As soon as the SI cover started circulating on social media, the first question most people had was: “WTF is Roger Goodell doing on it?” While Goodell did release a statement and—sort of—distance himself and the NFL from Trump’s anti-protest comments, he hasn’t exactly gone out of his way to support the players who have protested racial injustices and police brutality over the last year. And lest you forget, he’s kept quiet with regards to the petition that a handful of players sent him over the summer asking for the NFL to devote an entire month to social activism. So his inclusion on the SI cover was puzzling at best and downright disrespectful at worst in the eyes of many.

It also didn’t take very long for people to start asking another question once they got a glance at the cover: “Where is Colin Kaepernick?” Kaepernick is obviously the reason that this SI cover even exists in the first place. If he doesn’t take a knee during the national anthem before a preseason game last season, and if he doesn’t continue to take a knee during the national anthem before every regular-season game last year, and if he doesn’t influence other players to start taking a knee during the national anthem before games, and if he doesn’t get blackballed by the NFL in the offseason for igniting the entire #TakeAKnee movement, there is no reason for SI to do a “NATION DIVIDED, SPORTS UNITED” cover. So—where is Colin Kaepernick?

A lot of people asked this question:

Hell, even Curry, who was featured front and center on the SI cover, thought it was completely idiotic for SI to run a cover like this without giving a nod to the guy who is responsible for it existing. He went off on the cover on Wednesday and accused SI of trying to capitalize on the moment rather than actually doing something impactful for the culture.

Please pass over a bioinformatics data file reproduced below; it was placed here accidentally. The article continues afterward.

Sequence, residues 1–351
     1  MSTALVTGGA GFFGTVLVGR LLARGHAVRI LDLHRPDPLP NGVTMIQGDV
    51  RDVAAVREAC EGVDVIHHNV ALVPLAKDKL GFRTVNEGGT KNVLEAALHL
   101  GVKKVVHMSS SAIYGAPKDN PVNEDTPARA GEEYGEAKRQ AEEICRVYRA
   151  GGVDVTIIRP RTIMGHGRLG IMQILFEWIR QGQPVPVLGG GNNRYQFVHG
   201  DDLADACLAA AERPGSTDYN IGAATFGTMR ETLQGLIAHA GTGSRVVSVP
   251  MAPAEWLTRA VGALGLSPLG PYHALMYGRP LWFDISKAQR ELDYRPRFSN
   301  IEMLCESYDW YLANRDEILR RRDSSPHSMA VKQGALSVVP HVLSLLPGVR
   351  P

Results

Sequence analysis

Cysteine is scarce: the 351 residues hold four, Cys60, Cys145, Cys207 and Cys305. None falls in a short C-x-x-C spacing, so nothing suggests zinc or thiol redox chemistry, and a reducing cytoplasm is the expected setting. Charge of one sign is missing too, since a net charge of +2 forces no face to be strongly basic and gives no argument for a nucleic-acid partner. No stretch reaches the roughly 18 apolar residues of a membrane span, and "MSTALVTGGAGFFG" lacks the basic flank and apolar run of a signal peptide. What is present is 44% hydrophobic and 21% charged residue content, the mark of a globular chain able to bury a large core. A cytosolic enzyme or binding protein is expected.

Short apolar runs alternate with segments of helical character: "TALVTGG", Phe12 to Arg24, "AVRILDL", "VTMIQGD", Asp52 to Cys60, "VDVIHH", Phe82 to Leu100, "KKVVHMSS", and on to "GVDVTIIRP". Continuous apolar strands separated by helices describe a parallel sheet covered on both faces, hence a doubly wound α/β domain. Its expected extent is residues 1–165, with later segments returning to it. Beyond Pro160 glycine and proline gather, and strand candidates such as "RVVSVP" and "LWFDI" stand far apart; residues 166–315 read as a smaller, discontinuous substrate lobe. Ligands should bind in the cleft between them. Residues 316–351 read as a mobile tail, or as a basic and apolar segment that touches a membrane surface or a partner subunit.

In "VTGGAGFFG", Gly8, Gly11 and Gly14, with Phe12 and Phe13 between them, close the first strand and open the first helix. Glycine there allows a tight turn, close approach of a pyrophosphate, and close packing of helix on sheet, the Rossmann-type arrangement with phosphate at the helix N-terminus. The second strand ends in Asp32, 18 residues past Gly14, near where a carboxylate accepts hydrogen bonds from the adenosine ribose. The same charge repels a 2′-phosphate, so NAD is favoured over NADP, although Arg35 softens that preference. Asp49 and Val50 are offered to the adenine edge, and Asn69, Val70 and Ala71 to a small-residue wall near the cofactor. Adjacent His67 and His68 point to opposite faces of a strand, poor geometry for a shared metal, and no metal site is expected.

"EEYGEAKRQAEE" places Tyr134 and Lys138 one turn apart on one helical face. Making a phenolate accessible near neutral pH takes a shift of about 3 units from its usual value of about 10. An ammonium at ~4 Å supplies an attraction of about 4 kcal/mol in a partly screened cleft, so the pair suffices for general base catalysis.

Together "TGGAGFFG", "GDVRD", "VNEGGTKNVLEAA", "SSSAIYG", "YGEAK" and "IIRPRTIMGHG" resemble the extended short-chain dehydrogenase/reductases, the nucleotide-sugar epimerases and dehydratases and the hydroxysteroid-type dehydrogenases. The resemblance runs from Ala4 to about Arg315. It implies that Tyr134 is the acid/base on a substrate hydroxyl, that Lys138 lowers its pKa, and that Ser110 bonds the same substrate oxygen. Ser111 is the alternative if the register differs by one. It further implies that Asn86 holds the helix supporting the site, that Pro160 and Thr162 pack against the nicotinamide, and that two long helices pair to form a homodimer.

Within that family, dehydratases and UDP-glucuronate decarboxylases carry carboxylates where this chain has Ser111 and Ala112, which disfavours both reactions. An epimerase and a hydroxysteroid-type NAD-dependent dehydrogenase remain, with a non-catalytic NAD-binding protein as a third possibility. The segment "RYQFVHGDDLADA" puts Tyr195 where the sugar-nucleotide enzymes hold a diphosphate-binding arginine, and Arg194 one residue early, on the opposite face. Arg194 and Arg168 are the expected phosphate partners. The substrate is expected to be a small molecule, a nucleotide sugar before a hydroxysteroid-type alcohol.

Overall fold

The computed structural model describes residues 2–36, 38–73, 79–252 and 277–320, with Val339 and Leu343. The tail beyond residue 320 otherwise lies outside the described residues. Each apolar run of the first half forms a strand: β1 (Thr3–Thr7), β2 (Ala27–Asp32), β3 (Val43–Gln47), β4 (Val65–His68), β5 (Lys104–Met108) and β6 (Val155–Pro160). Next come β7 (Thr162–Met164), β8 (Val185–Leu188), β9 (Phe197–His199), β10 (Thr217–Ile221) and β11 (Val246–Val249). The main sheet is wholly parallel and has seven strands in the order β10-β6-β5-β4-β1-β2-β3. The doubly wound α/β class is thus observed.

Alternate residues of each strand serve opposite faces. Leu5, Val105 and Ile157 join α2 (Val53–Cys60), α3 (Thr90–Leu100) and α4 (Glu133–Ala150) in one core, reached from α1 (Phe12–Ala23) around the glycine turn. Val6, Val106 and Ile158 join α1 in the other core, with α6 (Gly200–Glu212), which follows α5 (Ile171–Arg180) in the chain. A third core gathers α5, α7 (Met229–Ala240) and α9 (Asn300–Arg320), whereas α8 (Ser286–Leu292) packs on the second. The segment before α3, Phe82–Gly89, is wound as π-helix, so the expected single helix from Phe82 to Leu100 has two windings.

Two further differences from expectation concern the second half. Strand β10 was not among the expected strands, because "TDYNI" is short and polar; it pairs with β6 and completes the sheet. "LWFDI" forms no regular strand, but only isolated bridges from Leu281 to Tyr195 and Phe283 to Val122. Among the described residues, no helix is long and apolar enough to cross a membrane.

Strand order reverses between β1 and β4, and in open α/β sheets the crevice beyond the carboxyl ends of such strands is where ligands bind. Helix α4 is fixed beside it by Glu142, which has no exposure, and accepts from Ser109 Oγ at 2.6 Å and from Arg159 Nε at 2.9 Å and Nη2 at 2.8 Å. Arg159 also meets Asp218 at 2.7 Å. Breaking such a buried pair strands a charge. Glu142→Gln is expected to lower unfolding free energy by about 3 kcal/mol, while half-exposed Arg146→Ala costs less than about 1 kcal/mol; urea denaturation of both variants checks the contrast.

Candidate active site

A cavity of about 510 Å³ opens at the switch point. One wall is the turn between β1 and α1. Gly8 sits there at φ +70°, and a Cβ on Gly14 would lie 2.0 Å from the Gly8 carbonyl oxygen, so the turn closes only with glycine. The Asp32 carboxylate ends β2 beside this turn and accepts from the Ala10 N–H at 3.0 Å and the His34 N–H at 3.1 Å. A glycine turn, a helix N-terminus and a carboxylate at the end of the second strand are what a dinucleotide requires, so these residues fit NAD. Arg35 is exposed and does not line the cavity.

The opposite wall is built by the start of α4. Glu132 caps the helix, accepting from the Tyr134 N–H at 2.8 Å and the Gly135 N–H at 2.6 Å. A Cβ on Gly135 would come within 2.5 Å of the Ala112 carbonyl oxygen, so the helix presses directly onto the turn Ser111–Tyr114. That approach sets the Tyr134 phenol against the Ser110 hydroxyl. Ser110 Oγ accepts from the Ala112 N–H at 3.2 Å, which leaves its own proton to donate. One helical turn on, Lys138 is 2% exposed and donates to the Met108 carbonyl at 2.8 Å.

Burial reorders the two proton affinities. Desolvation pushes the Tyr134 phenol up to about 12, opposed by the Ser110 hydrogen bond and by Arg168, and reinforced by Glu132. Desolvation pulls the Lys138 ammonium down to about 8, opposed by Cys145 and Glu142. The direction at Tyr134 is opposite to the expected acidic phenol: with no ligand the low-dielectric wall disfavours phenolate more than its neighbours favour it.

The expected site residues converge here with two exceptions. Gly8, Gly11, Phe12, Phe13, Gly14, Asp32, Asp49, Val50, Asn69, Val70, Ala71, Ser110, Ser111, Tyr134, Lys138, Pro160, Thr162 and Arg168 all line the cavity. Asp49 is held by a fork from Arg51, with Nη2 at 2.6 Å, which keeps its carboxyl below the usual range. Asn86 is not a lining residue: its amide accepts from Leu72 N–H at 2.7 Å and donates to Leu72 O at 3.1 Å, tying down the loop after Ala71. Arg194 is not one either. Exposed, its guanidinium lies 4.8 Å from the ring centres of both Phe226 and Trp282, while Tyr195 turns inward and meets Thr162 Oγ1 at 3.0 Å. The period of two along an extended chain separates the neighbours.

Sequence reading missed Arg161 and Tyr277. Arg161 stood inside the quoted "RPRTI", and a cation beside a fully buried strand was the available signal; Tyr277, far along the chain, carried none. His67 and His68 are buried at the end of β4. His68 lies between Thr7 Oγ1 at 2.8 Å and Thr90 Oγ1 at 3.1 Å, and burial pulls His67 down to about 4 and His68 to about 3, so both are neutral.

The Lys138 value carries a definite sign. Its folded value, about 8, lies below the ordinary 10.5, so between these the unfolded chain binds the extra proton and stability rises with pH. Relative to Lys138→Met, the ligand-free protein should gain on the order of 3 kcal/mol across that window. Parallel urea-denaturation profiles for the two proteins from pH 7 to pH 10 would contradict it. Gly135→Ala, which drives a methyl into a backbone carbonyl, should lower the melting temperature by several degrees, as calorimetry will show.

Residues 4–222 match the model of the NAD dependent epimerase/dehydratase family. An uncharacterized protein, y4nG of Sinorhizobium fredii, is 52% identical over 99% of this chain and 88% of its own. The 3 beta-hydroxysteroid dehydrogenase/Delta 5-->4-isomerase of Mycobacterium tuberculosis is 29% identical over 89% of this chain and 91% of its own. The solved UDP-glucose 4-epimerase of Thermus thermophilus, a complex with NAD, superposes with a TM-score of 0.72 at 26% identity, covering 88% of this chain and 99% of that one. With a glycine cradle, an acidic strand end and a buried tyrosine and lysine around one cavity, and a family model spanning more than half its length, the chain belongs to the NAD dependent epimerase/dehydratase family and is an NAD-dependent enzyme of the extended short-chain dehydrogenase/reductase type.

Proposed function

“That was terrible,” he said. “Just kind of capitalizing on the hoopla and the media and all that nonsense. The real people that understand exactly what’s been going on and who’s really been active and vocal and truly making a difference, if you don’t have Kaepernick front and center on that, something’s wrong. It’s kind of hard to see how certain narratives take place, being prisoners of the moment.”

On Thursday, SI attempted to cover its ass by having Executive Editor Steve Cannella put together a video to explain the magazine’s original intention when they first conceived the cover. And it’s a great video—if you’re a fan of hearing someone use a bunch of buzz words that sound important. You can hear all about the “enduring message” of unity that SI was trying to get across with their cover below or here.

But what about the omission of Kaepernick? Again: Where was he? Cannella touched on that, too, and in doing so, he tried to sell everyone on the idea that Kaepernick was on the cover, even if he wasn’t actually there in the physical form.

“In some ways, even though his picture is not there, Colin Kaepernick is there; I think we all know that,” he said. “Colin Kaepernick—for lack of a better word—was looming over everything that happened this past weekend, and looms over many of the issues in society right now.”

Cannella continued by saying that SI’s intention wasn’t to ignore Kaepernick (for the record, he was mentioned at length in the accompanying cover story). Rather, the magazine wanted to shine light on some of the other professional athletes who stepped up in his absence last weekend—since, again, he has essentially been blackballed by the NFL—and continued to carry out his message.

“I thought what we were trying to capture with this cover was the way new voices emerged this weekend,” he said.

And later, he once again tried to push the idea that Kaepernick was a part of the cover even though, well, he wasn’t.

Colin Kaepernick is on that cover,” Cannella said. “Even if his face and his name aren’t there, we all know who stands behind this movement. We all know who got it started. Colin Kaepernick has many more brothers than he did a week ago.”